Church President Brigham Young wrote in an 1847 letter that “in the process of time, the shores of the Pacific may yet be overlooked from the Temple of the Lord.” The prophet had just recently led an exodus of Church members from Nauvoo, Illinois to Salt Lake City, Utah to establish the headquarters of the Church in the Rocky Mountains. Decades later, in 1924, while conducting Church business in San Francisco, Church President Joseph Albert Smith looked across the Bay to the East Bay Hills and commented that he could envision a temple there.

In the 1930s, a committee of local Church leaders chaired by Eugene Hilton sought to identify a suitable plot of land upon which to construct a temple. The committee looked at various places in the Oakland area but focused on an initial 14.5-acre site where the Oakland Temple is now located. The President of the Church, David O. McKay, visited the site in 1942 and confirmed that the temple should be built there. He authorized local leaders to purchase the land.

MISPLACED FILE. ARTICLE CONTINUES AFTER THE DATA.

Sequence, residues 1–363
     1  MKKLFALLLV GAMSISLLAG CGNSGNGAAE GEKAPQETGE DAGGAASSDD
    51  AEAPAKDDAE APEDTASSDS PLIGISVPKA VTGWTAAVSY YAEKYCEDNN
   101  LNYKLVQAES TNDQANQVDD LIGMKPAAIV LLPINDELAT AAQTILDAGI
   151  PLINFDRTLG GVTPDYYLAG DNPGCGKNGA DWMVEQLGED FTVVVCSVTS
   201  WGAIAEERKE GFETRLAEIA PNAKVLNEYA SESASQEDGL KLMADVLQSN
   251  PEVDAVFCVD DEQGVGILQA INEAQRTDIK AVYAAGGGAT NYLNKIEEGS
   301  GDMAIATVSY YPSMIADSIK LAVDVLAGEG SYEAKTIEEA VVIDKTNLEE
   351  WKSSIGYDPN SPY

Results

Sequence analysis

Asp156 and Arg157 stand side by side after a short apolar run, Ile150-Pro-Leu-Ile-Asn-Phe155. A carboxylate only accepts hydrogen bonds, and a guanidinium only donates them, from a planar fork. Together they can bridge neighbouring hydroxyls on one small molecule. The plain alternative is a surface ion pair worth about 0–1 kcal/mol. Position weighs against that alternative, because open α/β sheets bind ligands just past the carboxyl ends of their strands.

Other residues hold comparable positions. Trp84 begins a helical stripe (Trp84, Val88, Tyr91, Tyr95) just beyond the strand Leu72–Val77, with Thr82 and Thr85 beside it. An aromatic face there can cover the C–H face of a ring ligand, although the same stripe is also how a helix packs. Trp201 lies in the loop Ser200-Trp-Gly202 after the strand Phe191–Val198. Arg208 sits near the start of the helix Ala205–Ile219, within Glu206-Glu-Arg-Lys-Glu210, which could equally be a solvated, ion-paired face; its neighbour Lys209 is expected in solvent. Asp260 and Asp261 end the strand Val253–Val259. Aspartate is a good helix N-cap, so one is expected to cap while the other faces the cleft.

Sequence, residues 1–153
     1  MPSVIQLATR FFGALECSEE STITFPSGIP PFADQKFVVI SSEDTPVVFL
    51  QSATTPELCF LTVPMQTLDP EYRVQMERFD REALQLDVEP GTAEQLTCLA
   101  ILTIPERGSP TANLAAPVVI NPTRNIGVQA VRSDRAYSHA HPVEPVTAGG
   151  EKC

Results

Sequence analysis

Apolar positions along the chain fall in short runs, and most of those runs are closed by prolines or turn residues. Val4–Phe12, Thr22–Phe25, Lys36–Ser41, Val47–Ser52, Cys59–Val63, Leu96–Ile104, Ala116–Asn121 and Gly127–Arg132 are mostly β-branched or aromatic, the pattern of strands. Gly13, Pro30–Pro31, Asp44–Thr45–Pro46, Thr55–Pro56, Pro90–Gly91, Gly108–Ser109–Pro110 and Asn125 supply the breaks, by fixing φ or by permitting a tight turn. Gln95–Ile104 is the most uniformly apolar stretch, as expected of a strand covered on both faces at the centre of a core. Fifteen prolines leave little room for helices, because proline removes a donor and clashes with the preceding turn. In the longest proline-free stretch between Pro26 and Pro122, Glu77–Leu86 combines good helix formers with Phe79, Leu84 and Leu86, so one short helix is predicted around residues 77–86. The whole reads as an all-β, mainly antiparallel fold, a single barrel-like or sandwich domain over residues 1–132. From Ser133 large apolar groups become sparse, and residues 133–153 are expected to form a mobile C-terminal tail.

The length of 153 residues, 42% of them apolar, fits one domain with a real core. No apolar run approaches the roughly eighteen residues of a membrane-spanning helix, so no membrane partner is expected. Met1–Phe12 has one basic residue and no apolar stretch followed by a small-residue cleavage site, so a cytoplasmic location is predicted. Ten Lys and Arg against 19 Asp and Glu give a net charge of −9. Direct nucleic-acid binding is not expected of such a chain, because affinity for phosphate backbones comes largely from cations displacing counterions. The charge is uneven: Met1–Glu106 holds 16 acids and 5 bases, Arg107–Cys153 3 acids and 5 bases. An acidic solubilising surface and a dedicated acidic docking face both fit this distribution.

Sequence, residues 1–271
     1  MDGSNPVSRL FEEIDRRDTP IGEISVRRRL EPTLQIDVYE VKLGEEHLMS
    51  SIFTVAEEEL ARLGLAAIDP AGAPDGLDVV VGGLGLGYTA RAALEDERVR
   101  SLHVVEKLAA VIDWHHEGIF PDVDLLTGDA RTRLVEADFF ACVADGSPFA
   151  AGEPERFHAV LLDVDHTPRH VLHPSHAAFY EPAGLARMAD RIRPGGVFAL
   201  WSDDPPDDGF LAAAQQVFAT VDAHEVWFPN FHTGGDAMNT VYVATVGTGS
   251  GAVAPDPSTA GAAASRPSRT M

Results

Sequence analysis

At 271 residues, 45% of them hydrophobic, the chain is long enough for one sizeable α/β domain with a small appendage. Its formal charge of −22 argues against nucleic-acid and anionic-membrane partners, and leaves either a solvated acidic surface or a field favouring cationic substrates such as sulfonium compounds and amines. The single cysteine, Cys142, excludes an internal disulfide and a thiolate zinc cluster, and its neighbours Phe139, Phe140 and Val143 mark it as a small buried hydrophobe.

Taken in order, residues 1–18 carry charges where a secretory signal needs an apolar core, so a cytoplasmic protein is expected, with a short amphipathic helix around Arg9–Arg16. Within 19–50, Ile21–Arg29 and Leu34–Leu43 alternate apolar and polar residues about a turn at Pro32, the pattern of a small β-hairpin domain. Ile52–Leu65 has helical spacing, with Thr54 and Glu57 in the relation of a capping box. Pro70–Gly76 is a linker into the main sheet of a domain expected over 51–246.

Over the next many years, the initial 14.5-acre plot was purchased and additional adjacent parcels were acquired, making a total of 18.3 acres. The first buildings on the newly acquired land were a chapel, an auditorium and a large cultural hall, called the Inter-Stake Center (ISC). Groundbreaking for the ISC occurred in July 1957. It was completed in 1960. Soon after that, in December 1960, David O. McKay announced plans to construct the Oakland California Temple. It would be a large temple: 95,000 square feet. O. Leslie Stone was picked to chair a committee to oversee construction of the temple. Groundbreaking for the temple took place on May 26, 1962. Local members of the Church helped supply funds and goods for the construction. The Oakland California Temple was completed on September 27, 1964.